Paul Among the People (book review)

Book review from The Movie Snob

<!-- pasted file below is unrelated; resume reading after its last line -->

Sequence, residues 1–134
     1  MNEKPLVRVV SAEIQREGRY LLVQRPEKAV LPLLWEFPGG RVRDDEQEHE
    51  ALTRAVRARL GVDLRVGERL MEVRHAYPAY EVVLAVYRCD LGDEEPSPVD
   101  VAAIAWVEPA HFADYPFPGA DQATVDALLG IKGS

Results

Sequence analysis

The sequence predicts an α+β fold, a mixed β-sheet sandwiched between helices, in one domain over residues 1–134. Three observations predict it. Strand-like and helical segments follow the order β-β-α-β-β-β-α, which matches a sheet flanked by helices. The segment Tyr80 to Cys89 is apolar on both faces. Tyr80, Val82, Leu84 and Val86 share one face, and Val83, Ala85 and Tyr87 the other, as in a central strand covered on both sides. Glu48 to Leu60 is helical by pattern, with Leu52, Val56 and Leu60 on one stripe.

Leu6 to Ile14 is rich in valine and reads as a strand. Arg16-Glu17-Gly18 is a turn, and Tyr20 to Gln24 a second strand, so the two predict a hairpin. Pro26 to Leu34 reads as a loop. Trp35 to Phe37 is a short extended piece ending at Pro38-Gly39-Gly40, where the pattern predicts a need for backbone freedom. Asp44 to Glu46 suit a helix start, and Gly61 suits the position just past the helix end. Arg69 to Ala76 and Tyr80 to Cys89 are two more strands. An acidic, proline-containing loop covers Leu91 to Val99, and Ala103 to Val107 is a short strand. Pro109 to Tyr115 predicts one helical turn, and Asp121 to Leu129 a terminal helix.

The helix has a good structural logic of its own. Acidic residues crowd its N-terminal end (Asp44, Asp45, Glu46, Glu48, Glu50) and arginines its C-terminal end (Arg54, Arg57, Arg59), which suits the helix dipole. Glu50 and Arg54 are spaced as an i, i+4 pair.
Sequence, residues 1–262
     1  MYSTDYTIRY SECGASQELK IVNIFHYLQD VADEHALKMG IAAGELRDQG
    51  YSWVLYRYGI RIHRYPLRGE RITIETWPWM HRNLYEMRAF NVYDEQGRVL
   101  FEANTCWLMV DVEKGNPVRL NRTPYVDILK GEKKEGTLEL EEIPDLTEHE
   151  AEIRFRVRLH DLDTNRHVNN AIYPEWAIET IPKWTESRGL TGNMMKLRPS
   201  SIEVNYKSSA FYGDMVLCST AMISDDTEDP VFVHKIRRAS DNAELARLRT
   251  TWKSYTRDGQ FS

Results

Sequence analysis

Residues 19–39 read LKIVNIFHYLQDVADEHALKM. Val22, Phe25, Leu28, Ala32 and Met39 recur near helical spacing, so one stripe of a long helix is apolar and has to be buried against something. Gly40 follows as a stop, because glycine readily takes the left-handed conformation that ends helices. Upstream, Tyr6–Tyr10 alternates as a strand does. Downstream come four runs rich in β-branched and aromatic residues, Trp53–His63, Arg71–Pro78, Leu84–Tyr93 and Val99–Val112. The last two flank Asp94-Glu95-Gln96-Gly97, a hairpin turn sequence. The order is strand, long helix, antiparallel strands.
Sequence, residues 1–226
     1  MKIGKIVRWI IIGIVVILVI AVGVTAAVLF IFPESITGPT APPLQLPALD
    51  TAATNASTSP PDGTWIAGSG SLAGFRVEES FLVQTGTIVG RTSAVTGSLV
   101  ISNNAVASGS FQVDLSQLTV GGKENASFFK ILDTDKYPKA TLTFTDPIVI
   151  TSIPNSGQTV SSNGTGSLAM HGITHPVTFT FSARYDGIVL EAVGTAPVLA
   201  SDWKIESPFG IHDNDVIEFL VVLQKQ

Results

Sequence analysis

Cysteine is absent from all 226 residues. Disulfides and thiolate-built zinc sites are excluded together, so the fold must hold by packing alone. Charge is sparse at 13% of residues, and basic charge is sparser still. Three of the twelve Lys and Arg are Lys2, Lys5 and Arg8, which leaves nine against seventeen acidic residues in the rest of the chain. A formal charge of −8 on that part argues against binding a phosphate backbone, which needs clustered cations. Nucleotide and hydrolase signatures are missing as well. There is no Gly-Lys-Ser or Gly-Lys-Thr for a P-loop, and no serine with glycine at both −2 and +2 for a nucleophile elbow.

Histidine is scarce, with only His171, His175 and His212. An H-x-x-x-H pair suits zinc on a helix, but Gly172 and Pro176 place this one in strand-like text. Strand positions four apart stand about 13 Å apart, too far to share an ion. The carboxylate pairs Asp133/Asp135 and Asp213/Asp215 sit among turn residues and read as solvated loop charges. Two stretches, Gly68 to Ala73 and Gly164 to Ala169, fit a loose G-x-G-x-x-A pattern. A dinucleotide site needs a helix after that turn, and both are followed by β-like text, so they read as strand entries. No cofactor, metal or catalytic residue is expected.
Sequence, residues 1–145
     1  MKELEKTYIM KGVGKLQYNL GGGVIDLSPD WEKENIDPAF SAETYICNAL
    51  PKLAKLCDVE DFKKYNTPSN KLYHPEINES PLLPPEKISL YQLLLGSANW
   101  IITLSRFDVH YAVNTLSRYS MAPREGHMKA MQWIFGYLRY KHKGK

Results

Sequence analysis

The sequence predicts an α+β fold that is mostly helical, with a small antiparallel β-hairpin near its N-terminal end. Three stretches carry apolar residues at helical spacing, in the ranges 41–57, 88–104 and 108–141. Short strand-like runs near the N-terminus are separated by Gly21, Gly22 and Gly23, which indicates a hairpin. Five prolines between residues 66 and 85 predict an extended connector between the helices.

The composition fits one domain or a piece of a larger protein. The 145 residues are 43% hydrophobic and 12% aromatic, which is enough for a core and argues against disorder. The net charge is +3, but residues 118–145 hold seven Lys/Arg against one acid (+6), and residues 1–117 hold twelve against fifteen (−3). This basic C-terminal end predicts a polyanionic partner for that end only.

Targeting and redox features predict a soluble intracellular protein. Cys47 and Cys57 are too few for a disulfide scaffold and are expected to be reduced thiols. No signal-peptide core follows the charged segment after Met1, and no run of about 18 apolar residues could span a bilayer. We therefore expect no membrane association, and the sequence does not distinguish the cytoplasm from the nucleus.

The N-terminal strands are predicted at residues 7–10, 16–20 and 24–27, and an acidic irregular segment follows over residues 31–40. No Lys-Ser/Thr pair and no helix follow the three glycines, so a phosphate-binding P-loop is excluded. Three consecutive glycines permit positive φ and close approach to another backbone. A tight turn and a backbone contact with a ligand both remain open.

Paul Among the People: The Apostle Reinterpreted and Reimagined in His Own Time, by Sarah Ruden (Pantheon 2010). I bought this book based on a favorable review I saw somewhere. Ruden is a scholar of ancient Greek and Roman literature, and she has published her own translations of The Aeneid and Lysistrata among others. I think I saw in this book that she is also a Quaker, and she decided that she wanted to closely investigate some of Paul’s more difficult teachings to see if he was really the puritanical killjoy that many believe him to have been. She picks a few of his most notorious passages and uses her deep knowledge of Greco-Roman language and culture to explain how Paul’s contemporaries would have understood his message. Generally, Paul makes out pretty well in Ruden’s telling. Just as interesting, she brings home how brutal and unpleasant ancient Western culture really was, and how revolutionary Paul’s message was. I was surprised that she omitted perhaps Paul’s most notorious saying, that wives should be subordinate to their husbands. But I think I figured out why–that passage is in Ephesians, and Ruden notes at the very beginning that many scholars think Ephesians and a few other NT epistles have been incorrectly attributed to Paul. Still, I would have liked to see her grapple with that one.

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